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Figure 5. Importing modified design to Speos

The camera lens assembly contains several lenses which are numbered as follows. Some of the lens edges need to be redesigned to a complex form using Speos. 

Part List:

  • Infrared Filter (A)
  • Lens (B)
  • Lens (C)
  • Lens (D)
  • Lens (E)
  • Lens (F)
  • Cover Glass (G)

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Figure 6. Camera lens assembly

The geometrical requirement for the extended lens edges is to retain the lenses between mechanical baffle rings and the main barrel.

  • Disclaimer: For display purposes the IR Filter (A) and the Cover Glass (G) are retained within the barrel assembly. In a real-life application, these two components would very likely not be in the same optomechanical sub-assembly as the lenses.

Add complex lens edges

The complex lens edge can be created by sketching a new design on top of the parent lens and revolving the sketch around the optical axis of the lens. In the Sketch Mode of the Speos interface, the ‘line’ tool can be used to create the complex design. While sketching the design, it is required to consider space for baffle rings.

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Figure 7. Sketching complex lens edges

When the sketch of all new lens edges is complete, the design is revolved around the optical axis to create a new solid surface. All the lens edges are formed as a separate solid surface as shown in the Figure 8.

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Figure 8. Redesigned lens assembly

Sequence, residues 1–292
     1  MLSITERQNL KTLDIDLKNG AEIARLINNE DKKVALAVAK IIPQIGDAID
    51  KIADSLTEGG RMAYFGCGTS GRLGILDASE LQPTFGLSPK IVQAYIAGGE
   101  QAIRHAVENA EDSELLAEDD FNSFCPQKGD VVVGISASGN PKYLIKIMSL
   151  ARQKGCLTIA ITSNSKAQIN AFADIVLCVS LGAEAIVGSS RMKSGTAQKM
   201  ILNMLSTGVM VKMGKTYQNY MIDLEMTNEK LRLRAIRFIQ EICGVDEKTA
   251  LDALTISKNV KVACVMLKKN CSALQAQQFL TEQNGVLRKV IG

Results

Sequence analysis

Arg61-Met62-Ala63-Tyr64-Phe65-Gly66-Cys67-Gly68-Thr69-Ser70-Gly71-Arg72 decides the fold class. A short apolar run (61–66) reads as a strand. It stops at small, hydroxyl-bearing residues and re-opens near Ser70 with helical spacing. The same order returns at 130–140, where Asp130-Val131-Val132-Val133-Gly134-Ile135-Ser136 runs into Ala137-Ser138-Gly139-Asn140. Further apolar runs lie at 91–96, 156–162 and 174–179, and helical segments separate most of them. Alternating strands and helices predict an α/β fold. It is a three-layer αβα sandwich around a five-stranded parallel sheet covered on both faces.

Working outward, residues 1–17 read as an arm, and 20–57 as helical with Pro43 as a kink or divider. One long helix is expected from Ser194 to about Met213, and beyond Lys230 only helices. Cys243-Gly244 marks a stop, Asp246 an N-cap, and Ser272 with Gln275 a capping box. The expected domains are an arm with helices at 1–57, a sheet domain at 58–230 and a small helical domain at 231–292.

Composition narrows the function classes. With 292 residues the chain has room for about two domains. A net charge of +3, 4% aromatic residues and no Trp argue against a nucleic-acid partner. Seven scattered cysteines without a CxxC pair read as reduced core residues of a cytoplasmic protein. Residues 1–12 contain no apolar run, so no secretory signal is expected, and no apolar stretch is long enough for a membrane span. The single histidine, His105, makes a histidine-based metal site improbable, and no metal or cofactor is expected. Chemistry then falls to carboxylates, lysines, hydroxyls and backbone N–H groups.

The next step combines the parent and added lens edges into a single lens unit. The following procedure is recommended:

  1. To update the .ODX file, you can move the new solid surfaces (highlighted in figure 9) into the assembly using the cut, copy, and paste commands.
  2. Select the geometries that need to be combined and use the ‘Combine’ object tool in the Speos Design tab. Repeat for the remaining lenses. The design is shown in Figure 9.A shows how the .ODX file was modified.  In Figure 9.B, an error is displayed. 
  3. 9.pngFigure 9.A: Combining new lens parts with parent lens, B Combined design 
  4. The error likely occurred due to modifications made to the .ODX file. When we modify the lens edges, additional drawing elements create new faces corresponding to each edge segment. Clicking on a modified lens now displays a brush icon, and a dialog box shows the newly added lens faces (as illustrated in the Figure 10). To fix the error and complete the complex lens edge design, simply move these new lens parts to the original lens edge faces found in the Feature Tree. Repeat this process for all modified lenses.

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Figure 10. Arranging new lens edges to the feature tree

Conclusion

This article demonstrated the Optical Desgin Exchange workflow between Zemax and Speos and show cased the designing of complex smartphone lens edges using Speos. The next article in this series, will delve into the stop analysis using the Star Module and ZOS-API.